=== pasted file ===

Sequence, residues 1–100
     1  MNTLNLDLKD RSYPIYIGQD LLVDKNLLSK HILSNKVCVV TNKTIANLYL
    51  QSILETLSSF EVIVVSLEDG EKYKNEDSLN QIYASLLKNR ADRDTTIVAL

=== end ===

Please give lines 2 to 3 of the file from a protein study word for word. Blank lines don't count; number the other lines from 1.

     1  MNTLNLDLKD RSYPIYIGQD LLVDKNLLSK HILSNKVCVV TNKTIANLYL
    51  QSILETLSSF EVIVVSLEDG EKYKNEDSLN QIYASLLKNR ADRDTTIVAL